Radiant Tube Sales Hit All-time High

By Robert P. Mader of Contractors Staff Loveland, Colo. North American sales of radiant heating tubing hit a record-breaking 150 million lineal ft. last year, according to a survey of tubing manufacturers conducted by the Radiant Panel Association. Rpa Executive Director Lawrence V. Drake polled 18 tubing manufacturers, of which eight manufacturers representing 70% of the market, responded. Drake

By Robert P. Mader of Contractor’s Staff

Loveland, Colo. – North American sales of radiant heating tubing hit a record-breaking 150 million lineal ft. last year, according to a survey of tubing manufacturers conducted by the Radiant Panel Association. Rpa Executive Director Lawrence V. Drake polled 18 tubing manufacturers, of which eight manufacturers representing 70% of the market, responded. Drake extrapolated the rest, based on his seven years’ experience taking the survey.

While radiant tubing sales are at an all-time high, the bad news is that the rate of increase slowed to 7.8% over 1999, compared with the 25% to 30% annual increases experienced between 1991 and 1998.

"I don’t believe that the slowdown in growth has anything to do with a lack of interest by consumers," Drake said. "Public interest is increasing, so we have to look elsewhere for the cause of the slowdown, and I see a bottleneck in distribution, primarily the contractors. We don’t have the outlets. We get calls from builders and consumers who can’t find anybody in their area. If they do find somebody, often they only have one or two contractors in an area, and they’re so busy that they only take the large custom jobs."

The lack of competition leads to high prices, sometimes three to four times the price of a forced-air installation, said Drake, who has fielded calls in his office from sticker-shocked consumers.

Part of the problem may be that it’s difficult to make an apples-to-apples comparison between radiant heating and forced air, Drake noted. Homeowners who have a furnace with one thermostat find out about all the good things radiant can provide, Drake mused, and select a high-efficiency boiler, multiple zones or amenities such as towel warmers, and then they are surprised at the price.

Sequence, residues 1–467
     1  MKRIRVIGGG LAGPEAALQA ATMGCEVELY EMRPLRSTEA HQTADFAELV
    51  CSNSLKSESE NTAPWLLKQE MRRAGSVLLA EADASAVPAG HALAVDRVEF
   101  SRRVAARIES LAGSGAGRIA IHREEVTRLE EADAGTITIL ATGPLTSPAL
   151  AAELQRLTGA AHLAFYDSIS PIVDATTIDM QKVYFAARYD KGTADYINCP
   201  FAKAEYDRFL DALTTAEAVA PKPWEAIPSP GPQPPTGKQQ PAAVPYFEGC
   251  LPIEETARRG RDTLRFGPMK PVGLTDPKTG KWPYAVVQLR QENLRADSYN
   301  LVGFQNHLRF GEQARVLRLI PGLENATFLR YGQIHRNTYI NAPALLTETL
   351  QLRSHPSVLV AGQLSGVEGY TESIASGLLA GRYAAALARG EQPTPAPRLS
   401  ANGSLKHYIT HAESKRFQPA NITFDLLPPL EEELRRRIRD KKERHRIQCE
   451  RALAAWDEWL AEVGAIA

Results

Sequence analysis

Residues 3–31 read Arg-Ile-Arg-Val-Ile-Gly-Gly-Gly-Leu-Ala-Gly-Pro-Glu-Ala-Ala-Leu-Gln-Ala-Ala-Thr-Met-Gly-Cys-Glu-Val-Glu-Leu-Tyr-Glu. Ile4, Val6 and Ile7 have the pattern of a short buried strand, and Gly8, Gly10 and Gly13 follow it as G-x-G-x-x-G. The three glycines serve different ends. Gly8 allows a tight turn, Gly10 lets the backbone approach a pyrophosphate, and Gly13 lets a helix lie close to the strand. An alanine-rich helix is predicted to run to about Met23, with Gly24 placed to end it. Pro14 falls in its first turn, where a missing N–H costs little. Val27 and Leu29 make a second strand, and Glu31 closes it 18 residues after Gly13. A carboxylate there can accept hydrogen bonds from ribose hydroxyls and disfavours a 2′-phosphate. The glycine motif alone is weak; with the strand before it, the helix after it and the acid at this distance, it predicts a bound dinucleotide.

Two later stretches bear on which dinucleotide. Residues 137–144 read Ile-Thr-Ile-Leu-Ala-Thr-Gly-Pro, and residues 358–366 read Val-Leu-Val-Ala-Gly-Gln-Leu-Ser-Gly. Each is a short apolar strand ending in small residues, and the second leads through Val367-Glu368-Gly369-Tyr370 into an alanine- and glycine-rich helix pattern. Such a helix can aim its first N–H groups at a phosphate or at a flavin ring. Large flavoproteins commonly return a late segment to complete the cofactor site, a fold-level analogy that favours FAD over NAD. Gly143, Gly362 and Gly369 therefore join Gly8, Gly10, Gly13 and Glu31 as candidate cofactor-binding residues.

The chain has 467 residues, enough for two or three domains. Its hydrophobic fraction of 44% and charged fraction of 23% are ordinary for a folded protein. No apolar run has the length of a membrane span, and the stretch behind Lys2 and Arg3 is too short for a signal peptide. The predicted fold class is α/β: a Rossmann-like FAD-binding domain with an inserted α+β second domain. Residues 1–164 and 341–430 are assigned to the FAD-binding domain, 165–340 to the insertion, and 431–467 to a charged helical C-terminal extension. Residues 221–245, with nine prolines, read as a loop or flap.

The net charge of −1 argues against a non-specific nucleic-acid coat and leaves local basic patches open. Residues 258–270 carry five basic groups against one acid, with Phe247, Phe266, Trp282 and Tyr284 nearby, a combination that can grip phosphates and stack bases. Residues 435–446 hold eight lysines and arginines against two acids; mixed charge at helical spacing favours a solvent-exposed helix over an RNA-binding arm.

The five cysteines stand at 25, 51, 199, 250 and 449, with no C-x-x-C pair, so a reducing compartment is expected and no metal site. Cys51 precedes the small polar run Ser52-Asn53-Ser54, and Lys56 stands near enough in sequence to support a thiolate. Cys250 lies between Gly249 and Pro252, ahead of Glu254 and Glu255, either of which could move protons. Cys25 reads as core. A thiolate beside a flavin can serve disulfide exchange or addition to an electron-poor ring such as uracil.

Nevertheless, part of the problem is a lack of competition as highlighted by the real-life example of New Mexico.

Radiant heat got off to a strong start years ago in New Mexico, Drake said, because of the state’s typical construction of slab-on-grade with "Mexican tile" floors. Drake believes New Mexico has the highest per capita number of radiant installations in the country.

Radiant consequently has become a well-accepted way to heat a house there, with many radiant contractors vying for business.

"It’s a different marketplace with a lot of competition," Drake said.

Radiant systems in New Mexico cost $2 to $5/sq. ft., he said, but "if you go to Park City (Utah), Seattle or back East, you’re lucky to find something for $10 to $15/sq. ft."

Price disparity can be fixed a couple of ways, Drake noted. Wirsbo is promoting "radiant ready" slabs and basements with the tubing placed in the concrete during construction, he said. The house may be constructed with a forced-air system. Sometime in the future, a contractor could offer a radiantly heated basement as a way to "hook" the homeowner on the concept.

Another way is to install simpler radiant systems that may be heated with high-efficiency water heaters. The industry has installed thousands of economical systems, Drake said, including a number in Habitat for Humanity homes.

Another technical problem is that forced air is a package whereas almost every radiant project is a customized system. "Until we come up with a plug-and-play product, we won’t have growth," he said. "We have to have a reasonably priced package that you hang on the wall. And we have to come up with a cooling option."

Unless the radiant industry is willing to expand, Drake said, it will stagnate at 5% to 7% of the heating market.